Will Everyman Know Everything? Or Need to Bother?

Thanks much to Peder who provided me a link to this blogpost from March 2006 in which the author discusses Google’s plans for the future, as revealed by an 2006 Analyst’s Day powerpoint prepared by Google with some attached notes that weren’t for public consumption.  The notes to slides 20 and 19 say (respectively) that Google plans to “get all the world’s information, not just some” and store it for use “in a world with infinite storage, bandwidth, and CPU power.”

The story behind the notes is itself interesting because the notes were from some presentations that were not intended for the public and promted Google to file an 8-K with the SEC formally disclosing some of the information.

For me, and probably no one else, the really interesting thing about Google’s blueprint lies in its potential parralels to the fabled Last Man to Know Everthing, whose potential identity has been a game in the scientific community for a long time.  Of course, no one ever knew everything, but it is usually identifed as “everything worth knowing” or all there was to know in whatever culture was seemingly ascendent at a particular time in history.  As Dennis Mangan says in his post, “The idea behind it assumes that at some point in history, human knowledge became so broad that no one person could hope to be an expert in more than a few areas.”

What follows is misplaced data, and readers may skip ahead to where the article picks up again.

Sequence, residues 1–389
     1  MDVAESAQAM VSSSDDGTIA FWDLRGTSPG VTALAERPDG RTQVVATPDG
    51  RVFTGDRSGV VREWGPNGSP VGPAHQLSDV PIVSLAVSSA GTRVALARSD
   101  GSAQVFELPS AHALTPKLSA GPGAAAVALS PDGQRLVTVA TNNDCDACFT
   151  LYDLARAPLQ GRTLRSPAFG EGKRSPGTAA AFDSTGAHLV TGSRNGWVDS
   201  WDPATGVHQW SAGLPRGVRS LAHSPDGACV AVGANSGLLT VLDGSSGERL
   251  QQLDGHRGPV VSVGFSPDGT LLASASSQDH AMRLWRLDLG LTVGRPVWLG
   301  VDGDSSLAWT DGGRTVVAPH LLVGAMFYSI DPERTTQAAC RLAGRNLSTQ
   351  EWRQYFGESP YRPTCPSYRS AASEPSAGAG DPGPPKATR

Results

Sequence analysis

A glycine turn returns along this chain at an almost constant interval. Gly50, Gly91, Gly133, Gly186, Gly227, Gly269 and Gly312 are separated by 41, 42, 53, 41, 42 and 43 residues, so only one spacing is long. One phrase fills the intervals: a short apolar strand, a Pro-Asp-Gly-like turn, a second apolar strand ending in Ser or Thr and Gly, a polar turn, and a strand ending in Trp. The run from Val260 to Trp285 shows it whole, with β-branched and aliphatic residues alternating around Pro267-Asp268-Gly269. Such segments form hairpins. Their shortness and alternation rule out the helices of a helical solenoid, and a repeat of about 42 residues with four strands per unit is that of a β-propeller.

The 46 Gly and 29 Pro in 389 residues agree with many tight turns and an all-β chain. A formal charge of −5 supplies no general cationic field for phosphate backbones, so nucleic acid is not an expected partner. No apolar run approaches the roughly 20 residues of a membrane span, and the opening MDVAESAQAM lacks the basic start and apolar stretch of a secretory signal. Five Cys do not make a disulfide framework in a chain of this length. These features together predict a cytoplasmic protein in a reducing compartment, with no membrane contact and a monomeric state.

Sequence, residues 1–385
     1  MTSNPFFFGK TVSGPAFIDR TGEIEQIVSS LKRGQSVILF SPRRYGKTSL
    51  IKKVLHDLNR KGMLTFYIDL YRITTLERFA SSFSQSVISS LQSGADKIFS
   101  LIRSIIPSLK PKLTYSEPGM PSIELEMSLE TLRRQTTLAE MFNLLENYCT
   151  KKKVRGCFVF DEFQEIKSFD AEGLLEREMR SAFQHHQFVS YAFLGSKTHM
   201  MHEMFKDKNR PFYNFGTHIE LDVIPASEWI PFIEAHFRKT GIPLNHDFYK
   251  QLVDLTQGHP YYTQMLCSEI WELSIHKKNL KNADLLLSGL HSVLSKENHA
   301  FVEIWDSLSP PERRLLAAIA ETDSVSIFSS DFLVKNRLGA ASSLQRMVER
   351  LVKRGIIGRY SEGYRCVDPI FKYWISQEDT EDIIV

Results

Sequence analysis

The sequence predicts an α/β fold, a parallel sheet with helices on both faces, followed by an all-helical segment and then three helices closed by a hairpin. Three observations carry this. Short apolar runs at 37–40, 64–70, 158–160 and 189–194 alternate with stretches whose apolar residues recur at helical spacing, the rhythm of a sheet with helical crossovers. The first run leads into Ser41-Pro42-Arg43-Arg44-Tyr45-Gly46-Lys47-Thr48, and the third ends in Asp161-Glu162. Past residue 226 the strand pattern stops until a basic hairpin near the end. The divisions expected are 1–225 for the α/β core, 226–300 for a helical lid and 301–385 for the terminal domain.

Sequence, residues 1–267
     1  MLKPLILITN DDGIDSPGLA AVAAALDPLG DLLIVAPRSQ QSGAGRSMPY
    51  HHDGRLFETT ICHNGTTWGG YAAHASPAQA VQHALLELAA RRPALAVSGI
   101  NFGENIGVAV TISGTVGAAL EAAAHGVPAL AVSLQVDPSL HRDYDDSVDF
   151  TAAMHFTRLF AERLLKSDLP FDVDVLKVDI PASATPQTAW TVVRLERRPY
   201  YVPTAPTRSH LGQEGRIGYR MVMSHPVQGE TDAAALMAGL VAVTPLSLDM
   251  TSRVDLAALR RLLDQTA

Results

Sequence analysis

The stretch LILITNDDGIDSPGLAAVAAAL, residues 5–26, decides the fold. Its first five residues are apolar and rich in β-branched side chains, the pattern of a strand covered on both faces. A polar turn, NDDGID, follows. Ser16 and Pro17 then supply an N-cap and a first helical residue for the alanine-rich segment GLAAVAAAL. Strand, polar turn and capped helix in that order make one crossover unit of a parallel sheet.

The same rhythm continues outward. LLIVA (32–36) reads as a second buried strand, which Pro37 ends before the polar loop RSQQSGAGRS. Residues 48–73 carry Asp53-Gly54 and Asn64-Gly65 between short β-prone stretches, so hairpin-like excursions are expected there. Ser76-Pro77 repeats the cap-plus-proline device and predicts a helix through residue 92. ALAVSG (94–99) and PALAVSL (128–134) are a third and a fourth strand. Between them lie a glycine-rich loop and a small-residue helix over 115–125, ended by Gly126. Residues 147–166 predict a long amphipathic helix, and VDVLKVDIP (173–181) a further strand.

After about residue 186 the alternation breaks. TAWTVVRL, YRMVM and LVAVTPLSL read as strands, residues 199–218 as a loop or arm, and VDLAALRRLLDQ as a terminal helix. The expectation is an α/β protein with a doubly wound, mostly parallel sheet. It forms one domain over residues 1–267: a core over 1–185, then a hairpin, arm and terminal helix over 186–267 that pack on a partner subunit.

In a world where Google’s blueprint becomes reality, will everyman know everything?  In a world where “all the world’s information, not just some” is available for instantaneous recall and use because this new world has “infinite storage, bandwidth, and CPU power,” will it really be worth knowing anything?  Will everyone be an expert at will?  Will Google’s realized vision change what we mean by knowing, how we experience knowing, or how hard it will be to actually know something in the (relatively) unmediated tactile sense? 

Chase, is it fair to relate this to the concepts of presentation and represenation in aesthetics that we have discussed before?  That is as a child in Google’s world will the world think it better that I rely upon the informational representation of, say, a giraffe, rather than going to see one at the zoo or in its natural habitat (forms of presentation)?  This possibility surely isn’t new, but in a world with such full and easy access to mediated information, why bother to seek the immediate? Perhaps there are trends in the theatre that parallel this trajectory?

I know all three of you out there are saying, “Huh?  What is he talking about?”  I have no idea.   If you think the above is a little crazy, though, here’s how it might tie into being a pastor (even now in certain high-tech contexts).

Information is an increasingly valuable commodity and Google’s business model seems to seek a form of corporate omniscience, much of which is passed through to the user.  This form of omniscience (control over vast amounts of information) gives people a sense of omnipotence — control over information is very much related to power.  (Ask Google, if you want confirmation of that.)

Control over information is a relatively new manifiestation of the ways that mankind can be the captain of its fate and the master of its own soul.  Our preaching and teaching may increasingly need to address the perceived loss of mystery and power in God that information control causes, and the corresponding lie of ultimate power over one’s fate and soul.  It’s not a new story, but a new representation of an old one.  Fortunately, humans still have death to keep a limit on this until Christ comes and death is destroyed for good. 

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